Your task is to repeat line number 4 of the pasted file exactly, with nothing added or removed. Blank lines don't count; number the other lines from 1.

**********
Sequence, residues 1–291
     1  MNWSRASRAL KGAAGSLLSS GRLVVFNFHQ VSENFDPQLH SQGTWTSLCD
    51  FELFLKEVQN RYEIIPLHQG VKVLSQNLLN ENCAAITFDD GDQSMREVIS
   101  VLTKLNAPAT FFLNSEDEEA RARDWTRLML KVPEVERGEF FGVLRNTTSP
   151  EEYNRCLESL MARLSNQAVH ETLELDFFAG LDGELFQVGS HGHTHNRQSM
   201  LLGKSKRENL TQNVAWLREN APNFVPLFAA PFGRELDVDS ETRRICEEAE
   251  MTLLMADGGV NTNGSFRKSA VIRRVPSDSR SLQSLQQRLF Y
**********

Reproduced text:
   101  VLTKLNAPAT FFLNSEDEEA RARDWTRLML KVPEVERGEF FGVLRNTTSP